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Resources About Healthcare and Primary Prevention

Many healthcare providers understand the impact of domestic violence from screening patients and treating the aftermath of relationship abuse. Relationships affect your patients' health. How can healthcare providers help to prevent domestic violence from happening in the first place?

Invest in Prevention During Routine Office Visits

It can be as simple as talking to youth and young adults about healthy relationships and fostering a norm that relationships should not be violent. According to the Prevention Institute, it’s a matter of adding an emphasis on primary prevention.

  • During routine healthcare visits, do a “health and lifestyle survey,” ask - What do you and your friends like to do? Are you dating someone? What do you and that person enjoy doing? What do your friends think about the person you’re dating?
  • Engage expectant fathers as well as mothers about healthy families, good communication and support for each other.
  • Have materials about healthy relationships, such as posters and palm cards in the office.
  • Make sure the office is a safe and reliable place to talk about healthy relationships as well as unhealthy ones.
  • Create an ongoing relationship with the local domestic violence program, and their medical advocate, for referrals and staff questions and training on primary prevention strategies.
  • Invite the local domestic violence program advocates to train and prepare staff to discuss questions about relationships.
  • Partner with the local domestic violence program, family planning organization, and school nurses on a community task force dedicated to youth programs and campaigns that engage men and boys, expectant fathers, and send healthy relationship messages.


The Violence Prevention Page at the Centers for Disease Control and Prevention website has more information on primary prevention strategies for violence as a public health problem, including definitions, survey and research summaries, as well as a Teen Dating Violence Factsheet.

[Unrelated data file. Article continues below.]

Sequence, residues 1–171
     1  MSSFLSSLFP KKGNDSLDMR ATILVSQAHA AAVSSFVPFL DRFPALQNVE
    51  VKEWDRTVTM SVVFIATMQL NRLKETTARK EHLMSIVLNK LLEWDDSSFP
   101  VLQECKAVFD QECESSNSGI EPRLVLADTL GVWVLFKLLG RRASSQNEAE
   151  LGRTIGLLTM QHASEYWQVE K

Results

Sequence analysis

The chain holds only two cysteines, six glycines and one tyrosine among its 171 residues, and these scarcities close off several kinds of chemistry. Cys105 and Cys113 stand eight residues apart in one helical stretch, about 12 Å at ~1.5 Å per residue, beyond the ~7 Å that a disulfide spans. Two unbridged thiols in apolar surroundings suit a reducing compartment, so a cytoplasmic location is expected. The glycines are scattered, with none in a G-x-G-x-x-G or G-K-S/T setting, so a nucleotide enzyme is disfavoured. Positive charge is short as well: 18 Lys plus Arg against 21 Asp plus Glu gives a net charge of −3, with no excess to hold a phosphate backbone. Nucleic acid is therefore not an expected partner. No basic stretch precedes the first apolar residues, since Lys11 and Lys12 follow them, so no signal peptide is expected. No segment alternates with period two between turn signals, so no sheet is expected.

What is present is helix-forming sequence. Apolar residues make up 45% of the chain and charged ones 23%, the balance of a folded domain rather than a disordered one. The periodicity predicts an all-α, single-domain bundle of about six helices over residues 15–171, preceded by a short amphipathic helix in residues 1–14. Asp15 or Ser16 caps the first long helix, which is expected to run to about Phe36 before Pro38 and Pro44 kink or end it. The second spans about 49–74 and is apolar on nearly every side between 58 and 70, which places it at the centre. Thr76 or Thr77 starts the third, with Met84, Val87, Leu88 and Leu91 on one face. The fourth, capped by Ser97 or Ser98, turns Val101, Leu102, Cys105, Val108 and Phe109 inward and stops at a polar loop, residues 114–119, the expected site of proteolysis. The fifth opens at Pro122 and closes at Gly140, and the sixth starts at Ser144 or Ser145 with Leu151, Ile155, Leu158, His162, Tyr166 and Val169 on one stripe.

Futures Without Violence has innovative projects, toolkits and many resources to assist healthcare practitioners including posters, handouts, policy papers and recommendations:
Is Your Relationship Affecting your Health? guides patients to assess their relationships. (Palm card in English, Spanish and Chinese)
Hanging Out or Hooking Up Clinical Guidelines on Responding to Adolescent Relationship Abuse: An Integrated Approach to Prevention and Intervention, focuses on potential for the adolescent health care provider to prevent, identify and address adolescent relationship abuse. It is a great resource for pediatricians, family practices, and family planning clinics.
Hanging Out or Hooking Up Palm Card for patients. This card encourages all teens to consider how their boyfriend/girlfriend treats them, identify dynamics of healthy relationships and signs that may indicate abuse. The card also explores how teens can handle excessive text messaging, pressure to have sex and ability to use birth control. Tips are provided to those wanting to support a friend who may be facing relationship abuse.
More tools for health practitioners from Futures Without Violence

Men Can Stop Rape has a variety of tools and resources on engaging men and boys. The website has information on the Strength Campaign, MOST Clubs and other tools for engaging young men to prevent violence against women. “My Strength Is Not For Hurting” and other handouts and posters are appropriate for rooms where providers see young men who are dating and sexually active.

Recommended Readings: Health Consequences of Domestic Violence

Basile, K.C. & Smith, S.G. (2011) Sexual Violence Victimization of Women: Prevalence, Characteristics, and the Role of Public Health and Prevention Violence Prevention and Lifestyle Medicine: An Imperative for All Healthcare Practitioners, 5(5), 407-417.

Recommended Readings: Implementing Primary Prevention Strategies in Healthcare Settings

Before It Occurs: Primary Prevention of Intimate Partner Violence and Abuse, Prevention Institute

Clinical Preventative Services for Women: Closing the Gaps:

Black, M.C. Intimate Partner Violence and Adverse Health Consequences: Implications for Clinicians in Violence Prevention and Lifestyle Medicine: An Imperative for All Healthcare Practitioners, September/October 2011, vol. 5 no. 5 428-439.

Opportunities for Prevention: Addressing IPV in the Healthcare Setting, Ann L. Coker, PhD

Violence Prevention and Lifestyle Medicine: An Imperative for All Health Care Practitioners, special edition of the American Journal of Lifestyle Medicine, September/October 2011.

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